“Wilson was always messing with us.”

White and her husband have decided to leave Ferguson.


1,000 Humiliations

All but one of the men I spoke to had been stopped by a white police officer at least once. Only one had been arrested. Seven men said they had been handcuffed, nine said their cars had been searched. Lavaun Williams’ story was typical.

Williams had left Canfield Green two years earlier, he said, because his wife couldn’t live with gunshots at night. While he lived there, he was twice stopped by police. “First time, the cop pulled me over and said, ‘Do you have a gun?’”

“I don’t carry a gun. And I don’t smoke [marijuana],” he said.

Williams, a strikingly handsome, dark-skinned young man dressed in a T-shirt, shorts and sneakers, looked like anything but a gang-banger.

“I had a nice car, a 1984 Audi. They had no reason to suspect anything. They made me get out and put handcuffs on me and searched the car. I had no warrants, no police record. I was going to work at McDonald’s. They took the handcuffs off and said, ‘You’re free to go.’”

“The next time they stopped me, it was the same thing. But I had my son with me. My son was crying. I was embarrassed. They put me in handcuffs, went through my car, then said, ‘OK, you can go.’”

“I’m not a criminal,” he said. “I’m the manager of a Taco Bell.”

Talk to almost any African-American man under the age of 30 on Canfield Street and you’ll hear a similar story.

If the cop who killed Michael Brown is not indicted, look for Ferguson to light up again.

The Justice Department is conducting an investigation of Ferguson’s Police Department. And a grand jury is scheduled to decide this month whether the officer who shot Brown will be indicted. If he is not, look for Ferguson to light up again.

What happened in the weeks following the killing of Michael Brown was a response to a thousand accumulated humiliations. White policemen believe they have to keep young black men in line. That’s what Darren Wilson was doing when he saw Michael Brown walking down the middle of the street his grandmother lives on in the middle of an August day in Ferguson.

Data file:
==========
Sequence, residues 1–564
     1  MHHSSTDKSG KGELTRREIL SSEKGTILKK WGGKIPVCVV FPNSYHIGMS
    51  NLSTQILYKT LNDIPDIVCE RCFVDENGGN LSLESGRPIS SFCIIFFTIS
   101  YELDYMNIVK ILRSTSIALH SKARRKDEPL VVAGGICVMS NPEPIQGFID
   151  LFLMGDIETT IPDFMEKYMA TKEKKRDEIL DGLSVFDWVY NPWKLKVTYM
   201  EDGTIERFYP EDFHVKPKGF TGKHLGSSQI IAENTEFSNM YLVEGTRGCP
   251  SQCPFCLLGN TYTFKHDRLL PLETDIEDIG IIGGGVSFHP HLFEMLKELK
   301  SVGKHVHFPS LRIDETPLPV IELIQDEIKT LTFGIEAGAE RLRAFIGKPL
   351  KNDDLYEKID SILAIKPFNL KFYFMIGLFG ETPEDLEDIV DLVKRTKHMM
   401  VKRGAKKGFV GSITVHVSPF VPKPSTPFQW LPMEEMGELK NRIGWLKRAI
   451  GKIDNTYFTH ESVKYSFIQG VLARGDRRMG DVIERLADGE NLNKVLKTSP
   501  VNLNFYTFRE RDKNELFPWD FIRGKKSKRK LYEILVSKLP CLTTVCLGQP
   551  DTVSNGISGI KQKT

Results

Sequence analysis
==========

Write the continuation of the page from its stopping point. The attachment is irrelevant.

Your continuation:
Democratic state Senator Maria Chappelle-Nadal gets it. Chappelle-Nadal, a woman with a radiant smile, stylish Afro and a cut-to-the-chase attitude, was a magnet for TV cameras.

But she was out in the neighborhood talking to kids on the street after CNN and MSNBC had packed up and moved on.

I talked to her on the lawn of a Canfield Green apartment.

“These kids for their entire lives have been disrespected, insulted and abused by police. Disrespected by authority.
“No jobs. No hope. They are constantly targeted by police for the most minor thing. For nothing.

“Then they see one of their homies laying dead in the street. They look at him and they see themselves.”

Lou Dubose is the editor of The Washington Spectator.

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1 Comment

  1. The murder of Mr. Brown is a further example of our police administering extreme force, as opposed to other containment measures. We use tranquilizer darts to stop animals and bullets to stop people.

    I understood from the media, that the body had to be left undisturbed because the forensic team was finishing up on another case miles away.

    The court room revenue statistics are very compelling. It is obvious that the civic managers of Ferguson are intent on systematically keeping their African American neighbors as poor as their laws allow.

    I hope Mr. Bell is new to his registration job, as the African American voter turn out in Ferguson, is under 6% according to one statistic I read. As bad as things are in Ferguson, not voting is voluntary self-suppression.

    J Felsot


  1. Lou Dubose on Michael Brown | HERE - […] In The Washington Spectator, editor Lou Dubose ponders “The Ultimate Question“: […]